Event Coverage / 20 Dec 2017
‘Knowledge starts with good data’: Mauritius President urges informed action on African landscapes
Scientists, leaders and communities make the connections at the Global Landscapes Forum in Bonn
A lack of information and data on biodiversity is posing barriers to conservation and human well-being in Africa, a regional leader warns.
Ameenah Gurib-Fakim, President of the Republic of Mauritius and a professor of organic chemistry, says that building a bridge between scientific research and the environment in support of human health and well-being will be crucial to solving Africa’s climate and development challenges.
As an island nation of 1.3 million people just east of the African continent, Mauritius is one of five global biodiversity hotspots, home to large and small species found nowhere else on Earth. But unique species in Africa are now disappearing at twice the global rate, and this threat is amplified by climate change, Gurib-Fakim warned.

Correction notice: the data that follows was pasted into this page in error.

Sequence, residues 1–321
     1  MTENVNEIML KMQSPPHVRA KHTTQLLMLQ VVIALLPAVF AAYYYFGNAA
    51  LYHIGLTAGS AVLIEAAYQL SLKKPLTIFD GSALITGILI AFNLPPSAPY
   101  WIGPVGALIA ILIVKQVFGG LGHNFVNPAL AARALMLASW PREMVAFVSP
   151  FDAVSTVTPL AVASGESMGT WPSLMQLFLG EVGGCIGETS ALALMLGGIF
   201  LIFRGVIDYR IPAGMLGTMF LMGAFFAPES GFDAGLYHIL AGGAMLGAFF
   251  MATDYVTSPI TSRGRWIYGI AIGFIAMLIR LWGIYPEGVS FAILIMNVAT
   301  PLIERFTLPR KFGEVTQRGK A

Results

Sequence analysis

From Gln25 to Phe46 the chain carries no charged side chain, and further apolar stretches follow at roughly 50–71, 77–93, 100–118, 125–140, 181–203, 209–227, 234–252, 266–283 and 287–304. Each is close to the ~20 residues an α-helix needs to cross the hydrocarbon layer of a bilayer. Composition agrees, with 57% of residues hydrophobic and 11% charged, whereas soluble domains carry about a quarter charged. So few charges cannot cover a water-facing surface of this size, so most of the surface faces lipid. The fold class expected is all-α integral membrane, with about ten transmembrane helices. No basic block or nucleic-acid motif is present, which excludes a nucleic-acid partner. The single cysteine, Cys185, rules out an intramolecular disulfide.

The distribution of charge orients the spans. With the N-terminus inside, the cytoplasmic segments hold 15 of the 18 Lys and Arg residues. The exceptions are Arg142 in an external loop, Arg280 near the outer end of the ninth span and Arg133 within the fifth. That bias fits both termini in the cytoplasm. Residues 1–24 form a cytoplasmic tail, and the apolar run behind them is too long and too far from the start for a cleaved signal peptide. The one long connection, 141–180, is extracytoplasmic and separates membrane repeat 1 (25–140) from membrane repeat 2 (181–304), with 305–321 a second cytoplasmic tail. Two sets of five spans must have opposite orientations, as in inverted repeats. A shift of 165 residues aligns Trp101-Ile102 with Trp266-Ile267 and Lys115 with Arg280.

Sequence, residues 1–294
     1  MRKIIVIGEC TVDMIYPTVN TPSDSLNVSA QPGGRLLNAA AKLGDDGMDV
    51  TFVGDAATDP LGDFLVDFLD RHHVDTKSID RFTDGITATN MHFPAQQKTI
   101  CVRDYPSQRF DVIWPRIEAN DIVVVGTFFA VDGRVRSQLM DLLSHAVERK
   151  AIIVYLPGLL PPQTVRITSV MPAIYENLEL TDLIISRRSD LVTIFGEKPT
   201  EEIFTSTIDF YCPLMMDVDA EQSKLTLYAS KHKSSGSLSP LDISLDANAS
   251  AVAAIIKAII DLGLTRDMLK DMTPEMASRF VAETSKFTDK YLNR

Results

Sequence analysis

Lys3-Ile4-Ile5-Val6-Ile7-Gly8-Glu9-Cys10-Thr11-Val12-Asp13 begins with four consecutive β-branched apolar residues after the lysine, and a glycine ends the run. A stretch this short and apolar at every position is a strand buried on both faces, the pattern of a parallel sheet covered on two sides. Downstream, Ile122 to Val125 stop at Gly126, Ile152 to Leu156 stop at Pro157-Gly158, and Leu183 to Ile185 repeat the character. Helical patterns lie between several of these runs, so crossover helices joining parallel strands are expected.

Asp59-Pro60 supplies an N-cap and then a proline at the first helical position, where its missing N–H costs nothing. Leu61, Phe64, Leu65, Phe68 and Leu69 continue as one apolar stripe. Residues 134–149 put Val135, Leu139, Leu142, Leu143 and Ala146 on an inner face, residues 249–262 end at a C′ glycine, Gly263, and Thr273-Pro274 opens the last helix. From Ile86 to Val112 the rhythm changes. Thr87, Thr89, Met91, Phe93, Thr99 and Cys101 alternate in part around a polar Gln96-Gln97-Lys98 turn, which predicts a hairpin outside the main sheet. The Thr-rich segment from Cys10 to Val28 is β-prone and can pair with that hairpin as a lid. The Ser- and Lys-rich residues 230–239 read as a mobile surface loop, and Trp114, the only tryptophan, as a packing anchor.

Rapid loss of species and a changing climate will inevitably impact human well-being, requiring a landscape-scale approach to find solutions, she added.
“The separation between the haves and the have-nots will be defined by investment in research and innovation in this area,” Gurib-Fakim said during a keynote address at the Global Landscapes Forum, the world’s largest science-led platform on sustainable land use, held in Bonn, Germany.
“The big issues of hunger, poverty and climate change are linked, and need to be addressed together,” she said.
“Knowledge starts with good data,” she added. “We need a common understanding to find common solutions, to enjoy health and prosperity around the world.”